Yukon sales tax report provides surprising results

July’s sales tax report from the Oklahoma Tax Commission contained a pleasant surprise for Yukon city officials.
However, the city manager said he isn’t convinced the city is out of the woods just yet.
According to the sales tax report, Yukon received $2,105,615 in sales tax revenue in July. That is up more than $70,000 from last July’s total.
The city also saw a significant increase in use tax revenue, jumping from $149,321 to $195,414.
The July report reflects business that was conducted at the end of May and an estimate of the first 15 days of June.
City Manager Jim Crosby said he was surprised at the sales tax numbers, especially based on expectations related to businesses that were closed or greatly reduced because of the COVID-19 pandemic.
“I was very surprised. Usually that means, especially in these times, that someone paid late. There is no reason the taxes should be up,” Crosby said.
Crosby said he remains very concerned about how the sales tax will be impacted over the next several months, especially now with the continued increase in COVID-related cases.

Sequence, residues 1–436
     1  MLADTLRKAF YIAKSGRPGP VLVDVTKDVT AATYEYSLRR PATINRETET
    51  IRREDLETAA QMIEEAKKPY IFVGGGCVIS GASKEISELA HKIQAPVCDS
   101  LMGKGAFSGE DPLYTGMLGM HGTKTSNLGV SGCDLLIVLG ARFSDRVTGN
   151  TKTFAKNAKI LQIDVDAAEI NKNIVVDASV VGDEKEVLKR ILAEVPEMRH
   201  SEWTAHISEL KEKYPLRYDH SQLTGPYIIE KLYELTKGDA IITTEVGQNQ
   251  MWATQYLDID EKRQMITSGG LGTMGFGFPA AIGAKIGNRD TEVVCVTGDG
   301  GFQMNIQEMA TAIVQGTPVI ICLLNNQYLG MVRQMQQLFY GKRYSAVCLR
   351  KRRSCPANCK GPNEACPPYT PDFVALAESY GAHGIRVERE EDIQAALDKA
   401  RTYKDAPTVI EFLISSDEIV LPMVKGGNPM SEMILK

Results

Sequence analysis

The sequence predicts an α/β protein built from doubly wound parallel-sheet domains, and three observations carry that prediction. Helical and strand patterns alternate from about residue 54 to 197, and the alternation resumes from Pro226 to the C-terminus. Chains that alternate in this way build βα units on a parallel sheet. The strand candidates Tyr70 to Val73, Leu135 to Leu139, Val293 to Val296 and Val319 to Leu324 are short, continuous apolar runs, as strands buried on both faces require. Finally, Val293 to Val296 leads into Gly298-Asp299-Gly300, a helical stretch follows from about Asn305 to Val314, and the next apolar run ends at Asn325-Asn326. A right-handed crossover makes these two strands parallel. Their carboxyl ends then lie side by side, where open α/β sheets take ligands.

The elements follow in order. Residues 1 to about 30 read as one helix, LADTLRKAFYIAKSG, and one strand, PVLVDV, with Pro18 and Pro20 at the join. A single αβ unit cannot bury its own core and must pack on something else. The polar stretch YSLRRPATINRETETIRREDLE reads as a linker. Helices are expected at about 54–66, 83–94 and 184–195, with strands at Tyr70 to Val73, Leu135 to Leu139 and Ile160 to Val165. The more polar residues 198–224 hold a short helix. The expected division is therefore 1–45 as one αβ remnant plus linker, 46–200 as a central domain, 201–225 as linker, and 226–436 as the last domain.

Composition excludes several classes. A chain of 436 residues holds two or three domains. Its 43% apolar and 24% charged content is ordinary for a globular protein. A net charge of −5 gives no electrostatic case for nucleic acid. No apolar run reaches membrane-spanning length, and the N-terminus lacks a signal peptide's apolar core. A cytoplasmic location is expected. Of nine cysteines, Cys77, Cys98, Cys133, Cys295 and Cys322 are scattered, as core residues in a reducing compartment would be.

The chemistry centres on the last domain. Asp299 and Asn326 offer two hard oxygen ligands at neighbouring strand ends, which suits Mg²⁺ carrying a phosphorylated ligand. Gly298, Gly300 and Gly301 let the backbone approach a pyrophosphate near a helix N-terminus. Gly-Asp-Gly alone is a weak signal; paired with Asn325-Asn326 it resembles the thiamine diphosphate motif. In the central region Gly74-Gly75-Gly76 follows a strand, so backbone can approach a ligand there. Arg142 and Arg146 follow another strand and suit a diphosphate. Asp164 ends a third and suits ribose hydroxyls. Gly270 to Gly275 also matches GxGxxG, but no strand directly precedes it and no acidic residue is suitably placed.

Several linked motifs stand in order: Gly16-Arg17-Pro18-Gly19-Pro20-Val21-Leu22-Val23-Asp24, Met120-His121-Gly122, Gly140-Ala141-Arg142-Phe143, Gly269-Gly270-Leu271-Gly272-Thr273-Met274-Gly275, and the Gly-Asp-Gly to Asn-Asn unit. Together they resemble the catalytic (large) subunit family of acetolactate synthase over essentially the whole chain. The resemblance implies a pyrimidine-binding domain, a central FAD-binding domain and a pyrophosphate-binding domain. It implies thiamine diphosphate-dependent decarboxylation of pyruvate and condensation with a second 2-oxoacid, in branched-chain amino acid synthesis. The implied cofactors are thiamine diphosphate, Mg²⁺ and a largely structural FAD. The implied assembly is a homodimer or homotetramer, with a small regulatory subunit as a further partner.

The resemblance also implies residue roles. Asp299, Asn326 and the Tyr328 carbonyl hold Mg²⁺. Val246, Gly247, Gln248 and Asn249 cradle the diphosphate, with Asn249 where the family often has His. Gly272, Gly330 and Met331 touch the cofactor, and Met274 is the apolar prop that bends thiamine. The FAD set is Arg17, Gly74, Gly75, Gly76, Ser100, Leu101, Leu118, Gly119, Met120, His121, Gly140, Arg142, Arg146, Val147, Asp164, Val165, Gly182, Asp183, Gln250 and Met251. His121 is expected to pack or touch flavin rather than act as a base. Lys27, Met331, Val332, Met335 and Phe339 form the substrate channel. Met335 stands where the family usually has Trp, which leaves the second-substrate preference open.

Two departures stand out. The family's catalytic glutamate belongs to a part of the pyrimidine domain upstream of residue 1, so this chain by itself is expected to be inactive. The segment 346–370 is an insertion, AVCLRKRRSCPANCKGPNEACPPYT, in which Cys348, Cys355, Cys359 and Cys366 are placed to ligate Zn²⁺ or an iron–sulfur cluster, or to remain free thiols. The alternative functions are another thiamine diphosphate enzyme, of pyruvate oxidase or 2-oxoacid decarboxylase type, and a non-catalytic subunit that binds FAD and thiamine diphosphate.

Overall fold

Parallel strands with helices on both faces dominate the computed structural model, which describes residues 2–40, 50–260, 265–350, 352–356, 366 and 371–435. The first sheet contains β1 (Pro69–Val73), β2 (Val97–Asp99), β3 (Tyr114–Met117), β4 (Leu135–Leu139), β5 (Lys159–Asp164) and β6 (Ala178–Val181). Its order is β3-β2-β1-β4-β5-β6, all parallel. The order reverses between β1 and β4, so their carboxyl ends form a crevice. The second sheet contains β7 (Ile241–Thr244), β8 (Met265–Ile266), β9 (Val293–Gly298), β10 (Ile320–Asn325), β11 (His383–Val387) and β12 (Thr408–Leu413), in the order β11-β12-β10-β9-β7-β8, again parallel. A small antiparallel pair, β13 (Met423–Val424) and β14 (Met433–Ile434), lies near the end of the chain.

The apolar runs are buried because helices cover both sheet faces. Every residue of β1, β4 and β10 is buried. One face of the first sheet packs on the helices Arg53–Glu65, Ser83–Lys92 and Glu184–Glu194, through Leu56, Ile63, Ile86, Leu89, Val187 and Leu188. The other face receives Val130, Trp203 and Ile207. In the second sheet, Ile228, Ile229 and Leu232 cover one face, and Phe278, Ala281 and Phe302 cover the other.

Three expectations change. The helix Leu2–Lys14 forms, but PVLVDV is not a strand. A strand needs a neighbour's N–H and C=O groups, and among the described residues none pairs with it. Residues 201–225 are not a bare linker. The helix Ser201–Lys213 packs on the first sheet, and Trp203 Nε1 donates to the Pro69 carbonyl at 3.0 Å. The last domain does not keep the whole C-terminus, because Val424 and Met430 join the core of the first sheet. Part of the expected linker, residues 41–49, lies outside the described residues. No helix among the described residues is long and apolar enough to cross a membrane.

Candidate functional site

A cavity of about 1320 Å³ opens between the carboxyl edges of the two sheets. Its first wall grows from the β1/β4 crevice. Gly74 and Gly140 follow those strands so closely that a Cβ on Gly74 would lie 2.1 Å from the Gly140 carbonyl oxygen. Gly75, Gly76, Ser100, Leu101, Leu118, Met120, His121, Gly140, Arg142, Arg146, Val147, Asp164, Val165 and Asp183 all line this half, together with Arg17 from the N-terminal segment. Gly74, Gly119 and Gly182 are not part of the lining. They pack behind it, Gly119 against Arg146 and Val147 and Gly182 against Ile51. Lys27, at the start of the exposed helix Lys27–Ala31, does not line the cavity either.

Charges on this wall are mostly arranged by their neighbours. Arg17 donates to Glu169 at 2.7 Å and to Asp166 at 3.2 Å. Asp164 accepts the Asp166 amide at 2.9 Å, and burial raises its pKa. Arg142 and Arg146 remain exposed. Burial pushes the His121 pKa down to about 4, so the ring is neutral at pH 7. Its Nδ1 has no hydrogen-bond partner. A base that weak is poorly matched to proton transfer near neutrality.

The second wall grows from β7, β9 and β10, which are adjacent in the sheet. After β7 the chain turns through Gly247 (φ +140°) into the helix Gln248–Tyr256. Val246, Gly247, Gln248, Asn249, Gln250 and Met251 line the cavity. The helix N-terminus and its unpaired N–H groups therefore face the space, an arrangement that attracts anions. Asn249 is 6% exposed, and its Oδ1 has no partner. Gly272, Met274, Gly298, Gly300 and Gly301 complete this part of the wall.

“I expect we will come back to the new normal, realizing the economy is not doing well. We will figure out that we have to cut back,” he said.
Yukon’s budget, which went into effect on July 1, was about the same as it was last year. However, it dips into the city’s reserve accounts and is still about 10 percent below where city leader’s had originally anticipated.
Crosby said city officials will monitor the budget closely to ensure the finances don’t “get in a bad situation.”
In April, Crosby laid off 18 workers, in part because of finances. Since then, most of those workers have returned to their jobs.
However, the budget did not include raises for employees this year, and some benefits were cut.
“No one knows what the future holds,” Crosby said.
On the bright side, Crosby said construction of the new Atwood’s store is moving forward quickly. He said that should help produce additional sales tax revenue.
Yukon wasn’t alone in seeing increased sales tax.
Mustang saw its sales tax top $1 million in July. The check to Mustang was $1,127,293, which was an increase of $151,297 from last July.
Also up in July was Piedmont, where the sales tax climbed by $127,000.
Most cities, however, saw declines.
El Reno’s sales tax fell by $448,000; the Canadian County portion of Oklahoma City fell $219,000, while Canadian County’s sales tax receipts fell $120,000.

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